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    I've seen this great movie more times than I should have. OK Patrick McGoohan does give a very 'vivid' performance but is nonetheless genuinely scary. Also the under-cranking now looks awful but it's of it's time and anyway my Dad drove a truck just like those - not filled with ballast though - so it's a nostalgic treat. Not sure whether anyone else has credited Herbert Lom cast, for once , in a 'good guy' role. Great scene where he blocks Red's truck and Red opens the cab door to reveal Gino reading the paper and gently swinging a huge spanner. Indeed a great cast altogether.

  19. #59
    Administrator Country: Wales Steve Crook's Avatar
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    True, but that effect was of its time - you just don't see it anymore. And it was usually used due to budget constraints as much as anything else. If you have enough time (and cameras) you can create exciting footage by clever use of angles, very carefully worked-out stunt driving, etc. But it's an expensive thing to do - certainly for the average 50s/60s Brit film-maker. Much quicker (and therefore cheaper) just to under-crank.



    I was amused the other day to see exactly the same technique used in a scene from cheesy 80s cop drama The Professionals. It looked every bit as fake and rubbish as anything in Hell Drivers.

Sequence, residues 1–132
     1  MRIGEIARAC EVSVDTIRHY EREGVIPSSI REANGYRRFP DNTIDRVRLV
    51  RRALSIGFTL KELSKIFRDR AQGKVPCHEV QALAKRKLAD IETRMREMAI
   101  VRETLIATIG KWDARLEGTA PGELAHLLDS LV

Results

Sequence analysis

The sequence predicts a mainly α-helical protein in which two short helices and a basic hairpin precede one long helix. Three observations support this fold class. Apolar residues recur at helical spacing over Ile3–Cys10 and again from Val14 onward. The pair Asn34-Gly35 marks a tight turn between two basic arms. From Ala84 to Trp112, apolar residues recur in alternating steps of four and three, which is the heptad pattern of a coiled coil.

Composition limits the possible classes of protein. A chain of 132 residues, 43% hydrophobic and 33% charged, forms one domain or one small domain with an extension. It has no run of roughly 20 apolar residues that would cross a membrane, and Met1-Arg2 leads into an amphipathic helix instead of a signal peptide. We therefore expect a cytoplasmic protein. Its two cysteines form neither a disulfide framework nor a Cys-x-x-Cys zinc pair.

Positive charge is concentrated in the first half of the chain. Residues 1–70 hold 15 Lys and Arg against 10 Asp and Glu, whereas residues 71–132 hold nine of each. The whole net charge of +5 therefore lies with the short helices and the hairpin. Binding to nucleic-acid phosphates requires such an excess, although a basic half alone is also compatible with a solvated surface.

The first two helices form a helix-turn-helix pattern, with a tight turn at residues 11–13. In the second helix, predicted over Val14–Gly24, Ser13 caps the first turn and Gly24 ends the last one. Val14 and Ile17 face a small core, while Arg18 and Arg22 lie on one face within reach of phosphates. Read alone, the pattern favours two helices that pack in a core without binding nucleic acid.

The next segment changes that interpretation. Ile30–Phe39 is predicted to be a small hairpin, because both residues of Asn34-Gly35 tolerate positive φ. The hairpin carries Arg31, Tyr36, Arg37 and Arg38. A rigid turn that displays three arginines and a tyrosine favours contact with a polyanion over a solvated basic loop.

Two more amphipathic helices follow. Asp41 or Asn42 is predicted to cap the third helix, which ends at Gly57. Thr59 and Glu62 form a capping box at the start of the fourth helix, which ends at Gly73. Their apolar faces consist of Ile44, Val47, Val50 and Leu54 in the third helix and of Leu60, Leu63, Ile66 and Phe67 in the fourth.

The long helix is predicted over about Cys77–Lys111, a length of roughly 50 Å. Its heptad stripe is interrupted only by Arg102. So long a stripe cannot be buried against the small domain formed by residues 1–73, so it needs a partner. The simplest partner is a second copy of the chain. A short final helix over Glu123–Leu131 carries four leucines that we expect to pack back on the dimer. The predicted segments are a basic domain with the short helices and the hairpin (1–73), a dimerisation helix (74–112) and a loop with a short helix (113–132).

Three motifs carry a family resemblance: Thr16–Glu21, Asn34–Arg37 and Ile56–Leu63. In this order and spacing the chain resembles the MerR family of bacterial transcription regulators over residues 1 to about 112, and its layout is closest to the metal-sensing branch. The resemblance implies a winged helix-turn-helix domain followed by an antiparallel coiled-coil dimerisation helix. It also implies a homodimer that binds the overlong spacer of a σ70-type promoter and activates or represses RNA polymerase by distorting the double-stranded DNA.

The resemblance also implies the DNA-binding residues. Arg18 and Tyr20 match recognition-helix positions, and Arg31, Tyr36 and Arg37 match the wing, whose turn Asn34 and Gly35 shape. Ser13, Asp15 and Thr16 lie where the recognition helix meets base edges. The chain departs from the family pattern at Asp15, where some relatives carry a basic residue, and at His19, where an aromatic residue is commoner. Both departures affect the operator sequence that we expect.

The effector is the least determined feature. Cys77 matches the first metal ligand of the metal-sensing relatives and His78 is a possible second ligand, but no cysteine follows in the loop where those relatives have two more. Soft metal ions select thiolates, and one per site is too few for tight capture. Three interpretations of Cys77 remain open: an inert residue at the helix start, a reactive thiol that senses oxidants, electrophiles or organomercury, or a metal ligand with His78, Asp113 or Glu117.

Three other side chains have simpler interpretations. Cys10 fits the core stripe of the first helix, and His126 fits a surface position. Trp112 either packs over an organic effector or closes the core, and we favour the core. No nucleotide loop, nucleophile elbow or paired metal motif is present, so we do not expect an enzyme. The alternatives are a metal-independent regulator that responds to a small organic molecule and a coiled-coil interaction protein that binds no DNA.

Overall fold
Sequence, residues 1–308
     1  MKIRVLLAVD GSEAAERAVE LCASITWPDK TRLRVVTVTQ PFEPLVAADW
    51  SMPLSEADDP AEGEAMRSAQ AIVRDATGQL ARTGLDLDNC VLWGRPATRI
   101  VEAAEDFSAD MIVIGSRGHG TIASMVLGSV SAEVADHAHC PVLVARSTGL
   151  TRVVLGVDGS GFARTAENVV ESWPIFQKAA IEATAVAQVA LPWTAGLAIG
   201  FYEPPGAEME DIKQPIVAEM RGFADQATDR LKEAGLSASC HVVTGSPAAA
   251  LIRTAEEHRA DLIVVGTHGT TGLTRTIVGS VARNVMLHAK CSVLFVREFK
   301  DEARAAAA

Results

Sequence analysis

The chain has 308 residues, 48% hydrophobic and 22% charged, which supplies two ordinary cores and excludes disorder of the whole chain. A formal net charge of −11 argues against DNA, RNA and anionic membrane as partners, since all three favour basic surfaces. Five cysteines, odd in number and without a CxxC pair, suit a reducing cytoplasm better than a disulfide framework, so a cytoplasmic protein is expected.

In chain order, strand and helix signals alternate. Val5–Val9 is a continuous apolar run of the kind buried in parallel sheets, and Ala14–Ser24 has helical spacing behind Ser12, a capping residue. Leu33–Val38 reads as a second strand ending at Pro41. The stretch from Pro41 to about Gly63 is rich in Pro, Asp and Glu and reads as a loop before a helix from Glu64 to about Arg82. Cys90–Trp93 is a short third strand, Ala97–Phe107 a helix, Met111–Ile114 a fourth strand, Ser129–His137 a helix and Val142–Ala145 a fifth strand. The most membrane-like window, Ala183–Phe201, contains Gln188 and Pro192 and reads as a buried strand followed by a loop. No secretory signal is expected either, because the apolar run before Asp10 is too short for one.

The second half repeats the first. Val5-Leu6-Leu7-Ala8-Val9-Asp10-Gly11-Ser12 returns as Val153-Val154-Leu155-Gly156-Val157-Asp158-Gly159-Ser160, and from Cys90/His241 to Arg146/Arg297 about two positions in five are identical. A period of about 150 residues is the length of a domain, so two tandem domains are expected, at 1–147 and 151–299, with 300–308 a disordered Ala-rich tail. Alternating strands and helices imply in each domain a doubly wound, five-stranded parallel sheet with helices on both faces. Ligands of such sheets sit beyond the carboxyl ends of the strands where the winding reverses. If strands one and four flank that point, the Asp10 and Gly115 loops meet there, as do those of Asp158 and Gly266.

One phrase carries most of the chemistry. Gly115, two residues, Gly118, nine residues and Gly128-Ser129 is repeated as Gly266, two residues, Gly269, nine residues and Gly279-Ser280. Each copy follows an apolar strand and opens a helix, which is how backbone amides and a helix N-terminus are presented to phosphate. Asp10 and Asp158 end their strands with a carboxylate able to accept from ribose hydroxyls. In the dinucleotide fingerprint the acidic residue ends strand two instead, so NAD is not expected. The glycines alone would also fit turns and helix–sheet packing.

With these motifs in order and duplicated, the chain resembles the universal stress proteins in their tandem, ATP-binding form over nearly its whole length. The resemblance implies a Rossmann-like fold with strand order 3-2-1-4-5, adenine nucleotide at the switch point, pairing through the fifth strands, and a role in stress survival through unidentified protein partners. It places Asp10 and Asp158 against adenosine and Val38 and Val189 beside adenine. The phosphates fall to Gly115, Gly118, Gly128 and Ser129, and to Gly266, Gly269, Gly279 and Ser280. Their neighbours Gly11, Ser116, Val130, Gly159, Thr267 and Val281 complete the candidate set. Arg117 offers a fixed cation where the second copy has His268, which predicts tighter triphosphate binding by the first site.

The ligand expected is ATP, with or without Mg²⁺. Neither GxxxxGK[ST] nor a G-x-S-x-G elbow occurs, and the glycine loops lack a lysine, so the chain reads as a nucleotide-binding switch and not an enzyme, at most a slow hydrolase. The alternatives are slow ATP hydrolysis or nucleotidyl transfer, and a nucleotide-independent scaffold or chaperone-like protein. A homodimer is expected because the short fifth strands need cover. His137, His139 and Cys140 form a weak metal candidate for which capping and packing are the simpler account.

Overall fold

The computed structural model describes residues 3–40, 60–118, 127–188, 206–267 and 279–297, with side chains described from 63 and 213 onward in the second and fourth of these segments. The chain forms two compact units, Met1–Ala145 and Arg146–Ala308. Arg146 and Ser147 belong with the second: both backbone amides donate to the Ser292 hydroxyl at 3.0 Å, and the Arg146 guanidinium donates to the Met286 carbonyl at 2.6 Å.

Under-cranking is a good technique and can be very effective. It's been used since the earliest days of film. But in this one they took it to extremes and made it ridiculous. They could have done the same shots, still under-cranked, but at a bit closer to normal speed and then, as Alan suggests, with some good cutting and a few stock shots of rotating wheels and the like, they could have made it realistic and exciting. Instead they made it ludicrous.



    It's not just a matter of cost, it's the difference between good and bad film-making. I think that the shots of the lorries driving at speed in this film are just badly made



    You do see the good use of under-cranking in many films (although you might not notice it when it's done well). You certainly don't see it taken to this ridiculous extent in many other films - only in things like "London to Brighton in 5 Minutes"



    Steve

  20. #60
    Senior Member Country: England zettel45's Avatar
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    It's not just a matter of cost, it's the difference between good and bad film-making. I think that the shots of the lorries driving at speed in this film are just badly made
    It'd be interesting to ask the film-makers themselves why they did it that way, because I do agree it looks pretty naff these days.



    Was the original audience equally underwhelmed by those scenes? After all, today's groovy special effect is tomorrow's laughing-stock. (For years - years - the Radio Times would reprint a very old review of Fantastic Voyage saying how great the special effects were, even when they'd become shockingly dated. And look at those late 90s/early 00s CGI movies - they already seem pretty ropey.)